According to my daily dispatch from The Writer’s Almanac, today marks the 256th anniversary of the origin of the word serendipity. In a letter to a friend dated January 28, 1754, Horace Walpole explains that
he came up with the word after a fairy tale he once read, called The Three Princes of Serendip, explaining, “as their Highnesses travelled, they were always making discoveries, by accidents and sagacity, of things which they were not in quest of.” The three princes of Serendip hail from modern-day Sri Lanka. “Serendip” is the Persian word for the island nation off the southern tip of India.
As mentioned before, here at Like Fire we’re big fans of serendipity in all its guises. I’m pretty sure there’s a direct connection between people who grew up watching Connections on PBS and people who blog. For instance, at Reading the Past Sarah Johnson has put together a collection of Reusable Cover Art—images and reproductions that have proved to be extra popular on book covers. Aside from the obvious concurrences there, it’s interesting to see the ways they’re recycled, or not: airbrushed cleavage, Photoshopped drinks in hand, the way small changes in type and layout convert classical to cheesy, and vice versa.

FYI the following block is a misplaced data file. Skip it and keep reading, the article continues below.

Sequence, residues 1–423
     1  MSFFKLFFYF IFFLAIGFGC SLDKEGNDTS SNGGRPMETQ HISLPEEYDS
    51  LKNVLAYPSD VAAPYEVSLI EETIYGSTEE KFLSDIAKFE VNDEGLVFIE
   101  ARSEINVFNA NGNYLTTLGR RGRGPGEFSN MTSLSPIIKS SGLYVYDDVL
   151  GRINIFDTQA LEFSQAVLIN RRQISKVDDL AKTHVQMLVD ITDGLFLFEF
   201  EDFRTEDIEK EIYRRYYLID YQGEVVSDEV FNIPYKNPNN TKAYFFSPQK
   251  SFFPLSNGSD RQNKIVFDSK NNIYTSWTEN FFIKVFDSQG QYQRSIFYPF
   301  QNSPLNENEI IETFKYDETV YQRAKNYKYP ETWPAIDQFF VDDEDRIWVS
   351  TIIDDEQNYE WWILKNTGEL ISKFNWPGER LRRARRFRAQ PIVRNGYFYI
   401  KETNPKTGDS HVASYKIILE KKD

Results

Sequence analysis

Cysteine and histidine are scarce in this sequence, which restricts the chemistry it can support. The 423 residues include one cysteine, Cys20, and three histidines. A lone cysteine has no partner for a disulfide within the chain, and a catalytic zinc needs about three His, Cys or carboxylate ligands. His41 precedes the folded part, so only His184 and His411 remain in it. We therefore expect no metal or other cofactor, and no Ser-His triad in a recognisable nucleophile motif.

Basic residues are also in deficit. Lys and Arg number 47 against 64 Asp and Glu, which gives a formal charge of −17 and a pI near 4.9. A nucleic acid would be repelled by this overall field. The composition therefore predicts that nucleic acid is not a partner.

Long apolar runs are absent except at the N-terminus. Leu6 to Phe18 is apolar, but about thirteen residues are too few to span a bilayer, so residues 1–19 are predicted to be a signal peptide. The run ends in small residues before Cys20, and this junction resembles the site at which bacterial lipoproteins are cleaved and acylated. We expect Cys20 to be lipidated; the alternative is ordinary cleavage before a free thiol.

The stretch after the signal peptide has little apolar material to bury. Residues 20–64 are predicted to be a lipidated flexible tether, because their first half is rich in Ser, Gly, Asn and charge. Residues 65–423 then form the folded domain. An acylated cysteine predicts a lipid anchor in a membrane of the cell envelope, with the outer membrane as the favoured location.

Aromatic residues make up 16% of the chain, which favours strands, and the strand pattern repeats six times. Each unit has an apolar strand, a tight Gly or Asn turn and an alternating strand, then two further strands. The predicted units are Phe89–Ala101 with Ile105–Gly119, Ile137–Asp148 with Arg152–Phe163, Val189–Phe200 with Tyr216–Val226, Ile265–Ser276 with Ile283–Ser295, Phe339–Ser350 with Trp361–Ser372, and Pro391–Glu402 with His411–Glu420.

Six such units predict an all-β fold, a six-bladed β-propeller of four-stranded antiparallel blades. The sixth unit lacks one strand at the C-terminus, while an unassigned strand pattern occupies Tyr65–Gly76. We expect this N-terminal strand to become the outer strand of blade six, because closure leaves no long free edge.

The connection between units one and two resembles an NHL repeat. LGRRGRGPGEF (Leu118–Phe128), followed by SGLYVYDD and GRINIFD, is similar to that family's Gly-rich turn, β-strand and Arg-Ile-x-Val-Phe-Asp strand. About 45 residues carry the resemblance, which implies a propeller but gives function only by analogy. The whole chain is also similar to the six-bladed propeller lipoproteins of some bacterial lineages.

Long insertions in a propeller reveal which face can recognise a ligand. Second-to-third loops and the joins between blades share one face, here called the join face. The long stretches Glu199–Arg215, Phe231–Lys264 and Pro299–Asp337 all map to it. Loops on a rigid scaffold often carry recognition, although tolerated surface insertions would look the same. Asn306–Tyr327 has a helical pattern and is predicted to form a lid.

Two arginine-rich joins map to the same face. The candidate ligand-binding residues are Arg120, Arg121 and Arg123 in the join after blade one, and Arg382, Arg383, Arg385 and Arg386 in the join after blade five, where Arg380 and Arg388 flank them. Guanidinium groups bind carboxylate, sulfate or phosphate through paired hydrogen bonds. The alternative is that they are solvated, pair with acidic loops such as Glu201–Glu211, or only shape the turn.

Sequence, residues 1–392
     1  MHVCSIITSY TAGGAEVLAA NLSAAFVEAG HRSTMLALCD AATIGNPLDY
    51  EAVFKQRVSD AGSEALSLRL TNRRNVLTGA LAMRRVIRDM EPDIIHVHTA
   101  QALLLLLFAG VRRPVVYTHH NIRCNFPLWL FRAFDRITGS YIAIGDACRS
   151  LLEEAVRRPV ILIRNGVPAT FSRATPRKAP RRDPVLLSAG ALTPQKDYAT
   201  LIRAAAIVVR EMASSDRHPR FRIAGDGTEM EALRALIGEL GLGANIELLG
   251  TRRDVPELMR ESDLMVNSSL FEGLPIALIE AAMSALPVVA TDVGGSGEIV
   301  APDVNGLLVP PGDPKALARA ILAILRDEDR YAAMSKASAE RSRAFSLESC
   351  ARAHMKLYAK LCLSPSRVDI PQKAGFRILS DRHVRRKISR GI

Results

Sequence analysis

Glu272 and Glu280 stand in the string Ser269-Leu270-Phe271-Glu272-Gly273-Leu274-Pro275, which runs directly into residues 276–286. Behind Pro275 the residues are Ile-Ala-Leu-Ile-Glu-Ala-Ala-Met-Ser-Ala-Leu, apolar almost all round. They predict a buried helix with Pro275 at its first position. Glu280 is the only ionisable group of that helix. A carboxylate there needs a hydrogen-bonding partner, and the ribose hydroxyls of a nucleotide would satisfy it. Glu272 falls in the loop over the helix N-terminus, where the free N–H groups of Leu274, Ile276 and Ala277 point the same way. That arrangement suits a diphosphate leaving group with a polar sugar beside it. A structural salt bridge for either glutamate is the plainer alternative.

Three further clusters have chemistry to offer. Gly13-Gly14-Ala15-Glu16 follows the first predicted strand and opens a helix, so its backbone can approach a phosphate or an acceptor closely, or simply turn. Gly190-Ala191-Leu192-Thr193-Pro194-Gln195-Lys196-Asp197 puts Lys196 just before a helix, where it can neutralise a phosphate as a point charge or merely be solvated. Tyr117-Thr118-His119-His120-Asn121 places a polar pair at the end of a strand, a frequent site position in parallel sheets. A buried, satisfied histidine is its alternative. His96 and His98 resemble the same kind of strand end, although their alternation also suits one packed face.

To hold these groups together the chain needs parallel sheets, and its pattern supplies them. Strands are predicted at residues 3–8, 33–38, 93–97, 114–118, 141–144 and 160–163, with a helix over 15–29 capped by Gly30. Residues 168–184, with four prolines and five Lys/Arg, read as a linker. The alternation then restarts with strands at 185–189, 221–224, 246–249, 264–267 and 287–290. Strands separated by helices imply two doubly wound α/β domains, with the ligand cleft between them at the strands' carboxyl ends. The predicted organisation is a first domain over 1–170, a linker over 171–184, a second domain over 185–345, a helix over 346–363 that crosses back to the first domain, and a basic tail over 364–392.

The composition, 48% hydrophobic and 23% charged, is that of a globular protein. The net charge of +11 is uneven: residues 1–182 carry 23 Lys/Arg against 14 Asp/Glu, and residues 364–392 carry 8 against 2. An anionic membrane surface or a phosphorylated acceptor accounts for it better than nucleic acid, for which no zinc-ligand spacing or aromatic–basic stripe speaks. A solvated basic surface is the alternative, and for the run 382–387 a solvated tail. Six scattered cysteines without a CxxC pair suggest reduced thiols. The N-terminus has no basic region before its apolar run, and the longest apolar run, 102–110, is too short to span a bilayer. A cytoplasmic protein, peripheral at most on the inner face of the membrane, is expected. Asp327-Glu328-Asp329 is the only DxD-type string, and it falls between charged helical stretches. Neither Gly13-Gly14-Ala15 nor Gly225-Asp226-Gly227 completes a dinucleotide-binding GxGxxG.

Which, in turn, brings to mind Steve Donoghue’s décolletage-saturated Tudor cover series, My Eyes Are Up Here, Milord.
The Writer’s Almanac tells us that serendipity “was recently listed by a U.K. translation company as one of the English language’s 10 most difficult words to translate. Other words to make their list include plenipotentiary, gobbledegook, poppycock, whimsy, spam, and kitsch.” Stay tuned.